A federal civil rights lawsuit was filed Wednesday on behalf of the family of Trevon Cole, the unarmed man who was killed last year during a Metropolitan Police Department drug raid.
The lawsuit seeks more than $10 million in damages from the department and names as defendants Detective Bryan Yant, who shot Cole; Sgt. John Harney, who was Yant's supervisor; and Clark County Sheriff Doug Gillespie.
Attorney Andre Lagomarsino, who filed the lawsuit, said neither he nor Cole's family would comment "out of respect to the proceedings."
A police spokesman said department officials do not comment on lawsuits or pending litigation.
The lawsuit cites numerous mistakes made by Yant that led to the shooting, including Yant's use of false information on the affidavit that led to the nighttime raid of Cole's one-bedroom apartment.
Cole, 21, was shot once in the face and died during the June 11 raid. A jury ruled the shooting justified, causing an outcry.
The lawsuit also accuses Gillespie and the department of failing to protect the public from Yant, who had killed one person and wounded another in separate incidents during his previous nine years with the department.
The lawsuit includes more allegations, that Yant and the other members of his squad drank alcohol on the job and that the presence of a camera from the television show "Cops" increased the danger to Cole.
"Cases like that of Trevon Cole, which could have been handled by simply handcuffing a defendant and taking him into custody without incident, were transformed into armed raids and confrontations for the sake (of) good publicity and higher ratings," the lawsuit states.
During the inquest it was revealed that police allowed Langley Productions, producers of "Cops," to record Cole's earlier sale of marijuana to an undercover officer. The cameras were not present for the apartment raid.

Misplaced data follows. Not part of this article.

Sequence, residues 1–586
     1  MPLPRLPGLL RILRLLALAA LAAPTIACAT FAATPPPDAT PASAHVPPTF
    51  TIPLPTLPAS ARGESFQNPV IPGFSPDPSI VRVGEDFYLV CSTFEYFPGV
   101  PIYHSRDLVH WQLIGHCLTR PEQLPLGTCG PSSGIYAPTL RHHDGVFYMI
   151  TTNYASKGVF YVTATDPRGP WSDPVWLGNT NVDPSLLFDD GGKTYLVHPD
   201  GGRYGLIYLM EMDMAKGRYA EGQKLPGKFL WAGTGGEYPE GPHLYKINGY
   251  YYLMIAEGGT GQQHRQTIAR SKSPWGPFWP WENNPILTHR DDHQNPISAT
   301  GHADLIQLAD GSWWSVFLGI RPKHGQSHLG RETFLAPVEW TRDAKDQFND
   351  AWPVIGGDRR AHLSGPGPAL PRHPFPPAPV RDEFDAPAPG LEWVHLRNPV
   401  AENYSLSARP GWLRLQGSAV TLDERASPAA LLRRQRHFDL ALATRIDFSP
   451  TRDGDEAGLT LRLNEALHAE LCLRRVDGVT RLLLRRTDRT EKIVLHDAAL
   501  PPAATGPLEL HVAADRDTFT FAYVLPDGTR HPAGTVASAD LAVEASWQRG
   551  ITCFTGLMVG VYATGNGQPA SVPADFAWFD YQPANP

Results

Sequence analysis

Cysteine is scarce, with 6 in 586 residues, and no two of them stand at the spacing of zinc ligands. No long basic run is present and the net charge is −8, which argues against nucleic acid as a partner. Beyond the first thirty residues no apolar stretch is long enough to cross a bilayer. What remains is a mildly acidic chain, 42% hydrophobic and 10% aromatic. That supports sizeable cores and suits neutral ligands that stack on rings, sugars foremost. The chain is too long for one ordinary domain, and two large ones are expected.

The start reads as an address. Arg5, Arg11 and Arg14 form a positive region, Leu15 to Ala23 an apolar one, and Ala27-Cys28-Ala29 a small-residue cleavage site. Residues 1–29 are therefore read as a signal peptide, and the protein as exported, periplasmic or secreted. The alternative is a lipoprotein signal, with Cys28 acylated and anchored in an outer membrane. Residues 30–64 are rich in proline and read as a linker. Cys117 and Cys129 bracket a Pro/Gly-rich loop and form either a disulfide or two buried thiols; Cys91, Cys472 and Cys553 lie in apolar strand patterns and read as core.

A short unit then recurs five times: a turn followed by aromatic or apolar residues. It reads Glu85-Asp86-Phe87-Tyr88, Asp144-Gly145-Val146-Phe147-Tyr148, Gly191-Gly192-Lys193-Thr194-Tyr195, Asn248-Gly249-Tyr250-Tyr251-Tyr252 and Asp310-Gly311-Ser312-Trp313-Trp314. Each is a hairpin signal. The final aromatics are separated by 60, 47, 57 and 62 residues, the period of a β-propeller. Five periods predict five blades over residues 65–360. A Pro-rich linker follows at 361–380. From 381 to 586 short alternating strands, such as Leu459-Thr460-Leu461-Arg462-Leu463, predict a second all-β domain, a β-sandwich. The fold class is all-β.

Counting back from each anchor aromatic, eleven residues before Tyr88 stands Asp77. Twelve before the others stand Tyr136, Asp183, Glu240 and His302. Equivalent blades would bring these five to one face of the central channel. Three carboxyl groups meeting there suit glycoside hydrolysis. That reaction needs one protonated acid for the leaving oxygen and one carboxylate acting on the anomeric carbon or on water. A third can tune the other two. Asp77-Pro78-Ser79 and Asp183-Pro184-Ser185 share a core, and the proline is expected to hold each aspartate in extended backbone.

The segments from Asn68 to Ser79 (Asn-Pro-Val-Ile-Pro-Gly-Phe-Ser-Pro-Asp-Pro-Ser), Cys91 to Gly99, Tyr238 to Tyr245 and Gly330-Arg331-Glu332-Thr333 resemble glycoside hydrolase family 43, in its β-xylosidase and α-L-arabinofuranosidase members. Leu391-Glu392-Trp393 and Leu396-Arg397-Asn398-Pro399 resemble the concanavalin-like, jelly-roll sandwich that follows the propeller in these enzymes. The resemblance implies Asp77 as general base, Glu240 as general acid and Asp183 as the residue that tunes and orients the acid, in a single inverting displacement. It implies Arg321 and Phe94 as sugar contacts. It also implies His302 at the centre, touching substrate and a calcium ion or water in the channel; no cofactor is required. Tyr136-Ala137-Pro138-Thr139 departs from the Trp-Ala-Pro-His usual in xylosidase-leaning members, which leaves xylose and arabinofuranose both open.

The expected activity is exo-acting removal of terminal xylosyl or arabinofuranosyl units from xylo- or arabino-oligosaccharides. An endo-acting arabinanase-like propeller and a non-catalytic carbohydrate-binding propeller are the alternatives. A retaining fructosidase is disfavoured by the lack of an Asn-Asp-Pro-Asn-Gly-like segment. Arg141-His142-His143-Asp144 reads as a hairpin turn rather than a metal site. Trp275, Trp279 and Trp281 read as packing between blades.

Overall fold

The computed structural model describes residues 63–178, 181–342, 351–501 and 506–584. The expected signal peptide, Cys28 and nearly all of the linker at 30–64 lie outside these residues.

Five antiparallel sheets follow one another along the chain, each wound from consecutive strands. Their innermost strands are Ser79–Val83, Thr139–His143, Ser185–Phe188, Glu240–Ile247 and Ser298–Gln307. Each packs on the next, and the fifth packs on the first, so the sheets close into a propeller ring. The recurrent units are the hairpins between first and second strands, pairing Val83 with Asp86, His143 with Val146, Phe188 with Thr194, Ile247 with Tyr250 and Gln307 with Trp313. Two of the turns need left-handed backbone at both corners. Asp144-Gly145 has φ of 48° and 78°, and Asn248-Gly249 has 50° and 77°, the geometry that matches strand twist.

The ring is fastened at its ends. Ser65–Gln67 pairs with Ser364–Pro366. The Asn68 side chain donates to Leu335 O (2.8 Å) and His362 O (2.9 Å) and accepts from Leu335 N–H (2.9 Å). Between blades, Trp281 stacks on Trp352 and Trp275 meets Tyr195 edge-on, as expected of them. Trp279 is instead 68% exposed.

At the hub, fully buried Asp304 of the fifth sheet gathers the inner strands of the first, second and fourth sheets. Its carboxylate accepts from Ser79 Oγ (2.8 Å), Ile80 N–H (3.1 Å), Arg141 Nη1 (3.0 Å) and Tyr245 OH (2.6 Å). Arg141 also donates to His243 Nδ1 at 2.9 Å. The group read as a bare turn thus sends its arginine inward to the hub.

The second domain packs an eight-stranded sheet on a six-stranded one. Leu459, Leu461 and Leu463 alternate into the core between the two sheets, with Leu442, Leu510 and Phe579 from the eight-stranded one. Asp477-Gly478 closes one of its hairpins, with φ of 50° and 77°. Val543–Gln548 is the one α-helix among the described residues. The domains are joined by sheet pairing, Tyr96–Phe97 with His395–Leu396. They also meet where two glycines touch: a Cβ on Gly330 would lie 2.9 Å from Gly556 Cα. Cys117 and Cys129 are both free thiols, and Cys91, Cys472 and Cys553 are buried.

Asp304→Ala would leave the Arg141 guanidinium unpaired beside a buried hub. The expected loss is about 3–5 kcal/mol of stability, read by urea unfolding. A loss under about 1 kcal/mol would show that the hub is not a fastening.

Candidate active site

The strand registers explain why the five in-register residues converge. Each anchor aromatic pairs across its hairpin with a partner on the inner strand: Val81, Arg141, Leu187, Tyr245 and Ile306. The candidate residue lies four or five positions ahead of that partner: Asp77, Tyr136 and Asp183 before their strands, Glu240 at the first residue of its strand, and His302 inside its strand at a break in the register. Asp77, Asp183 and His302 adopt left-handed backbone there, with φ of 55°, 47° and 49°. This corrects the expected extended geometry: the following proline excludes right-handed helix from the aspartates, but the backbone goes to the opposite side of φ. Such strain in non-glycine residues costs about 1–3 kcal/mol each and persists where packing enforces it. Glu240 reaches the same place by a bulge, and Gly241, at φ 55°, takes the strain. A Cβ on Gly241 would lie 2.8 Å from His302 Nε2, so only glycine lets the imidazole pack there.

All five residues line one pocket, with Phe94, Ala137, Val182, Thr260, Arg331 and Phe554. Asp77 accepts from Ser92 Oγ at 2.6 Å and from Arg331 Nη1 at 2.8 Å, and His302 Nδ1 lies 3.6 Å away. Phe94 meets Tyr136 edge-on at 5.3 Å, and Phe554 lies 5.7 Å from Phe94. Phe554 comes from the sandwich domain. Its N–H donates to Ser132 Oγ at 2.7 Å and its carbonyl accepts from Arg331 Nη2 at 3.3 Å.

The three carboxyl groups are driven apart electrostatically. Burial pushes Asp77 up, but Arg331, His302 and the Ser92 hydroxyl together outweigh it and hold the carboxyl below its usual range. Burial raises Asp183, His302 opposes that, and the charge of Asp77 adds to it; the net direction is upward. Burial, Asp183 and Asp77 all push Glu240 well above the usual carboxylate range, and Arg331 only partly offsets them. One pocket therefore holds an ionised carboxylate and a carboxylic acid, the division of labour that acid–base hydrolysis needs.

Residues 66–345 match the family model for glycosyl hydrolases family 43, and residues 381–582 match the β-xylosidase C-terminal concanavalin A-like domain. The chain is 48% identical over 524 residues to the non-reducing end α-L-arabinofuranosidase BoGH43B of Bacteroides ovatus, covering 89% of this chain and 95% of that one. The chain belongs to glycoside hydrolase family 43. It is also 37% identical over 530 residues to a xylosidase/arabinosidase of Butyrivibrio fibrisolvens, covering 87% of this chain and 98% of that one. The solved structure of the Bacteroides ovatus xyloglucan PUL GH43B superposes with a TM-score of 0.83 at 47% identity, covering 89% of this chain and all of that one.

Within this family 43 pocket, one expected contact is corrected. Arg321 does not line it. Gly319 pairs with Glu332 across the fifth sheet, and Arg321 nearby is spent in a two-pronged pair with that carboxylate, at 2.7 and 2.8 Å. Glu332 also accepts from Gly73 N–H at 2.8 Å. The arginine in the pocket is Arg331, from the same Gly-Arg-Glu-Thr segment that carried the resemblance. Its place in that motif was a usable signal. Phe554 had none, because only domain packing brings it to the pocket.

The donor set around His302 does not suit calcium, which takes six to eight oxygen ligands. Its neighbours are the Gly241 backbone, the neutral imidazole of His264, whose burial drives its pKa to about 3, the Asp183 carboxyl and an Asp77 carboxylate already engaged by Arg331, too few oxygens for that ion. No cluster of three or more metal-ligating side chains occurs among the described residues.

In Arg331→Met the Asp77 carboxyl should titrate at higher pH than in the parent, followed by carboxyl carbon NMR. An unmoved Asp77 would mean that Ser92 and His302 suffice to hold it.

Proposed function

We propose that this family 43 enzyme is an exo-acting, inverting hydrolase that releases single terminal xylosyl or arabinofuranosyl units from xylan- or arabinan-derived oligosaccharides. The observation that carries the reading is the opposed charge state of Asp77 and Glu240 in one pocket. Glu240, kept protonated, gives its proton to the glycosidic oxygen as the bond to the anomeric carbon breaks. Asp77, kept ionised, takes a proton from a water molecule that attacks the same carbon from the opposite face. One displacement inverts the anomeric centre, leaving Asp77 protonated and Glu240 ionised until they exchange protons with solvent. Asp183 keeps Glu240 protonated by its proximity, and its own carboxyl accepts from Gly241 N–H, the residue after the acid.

Cole's killing was one of two police shootings in 2010 that sparked public outrage and prompted reform of the coroner's inquest process.
The other case involved the fatal shooting by three officers of Erik Scott, a U.S. Military Academy at West Point graduate, outside a Summerlin Costco store. Scott's family filed a lawsuit in that case last year.
The killing of Cole was more troubling to police department officials because it involved a minor crime and serious errors by Yant that led to the shooting.
Undercover narcotics detectives with Yant's team purchased small amounts of marijuana from Cole three times. Yet when Yant drafted an affidavit to a judge seeking a search warrant, he said their suspect had "a lengthy criminal history" of drug crimes in Texas and California.
Cole had no such history, and it is believed Yant confused him with a man by the same name but with a different age and dramatically different physical description.
Yant and his team also committed several mistakes during the execution of the search warrant, including allowing an unauthorized officer to participate.
Yant's flashlight also malfunctioned, leaving the detective staring into a dark bathroom where Cole was flushing marijuana.
During the inquest, Yant said Cole stood up from the toilet and turned toward him aggressively, prompting him to shoot, but his statements contradicted the physical evidence and the testimony of officers who were there.
Cole was unarmed and had no weapons in his apartment.
After the incident the police department also investigated Yant for falsifying documents in an unrelated drug case. That case involved allegations that the suspect sold drugs to an undercover informant even though the alleged dealer was out of the country at the time.
Yant was disciplined this year and relegated to desk duty with no interaction with the public after an internal investigation found he violated several department policies.
Contact reporter Lawrence Mower at email@example.com or 702-383-0440.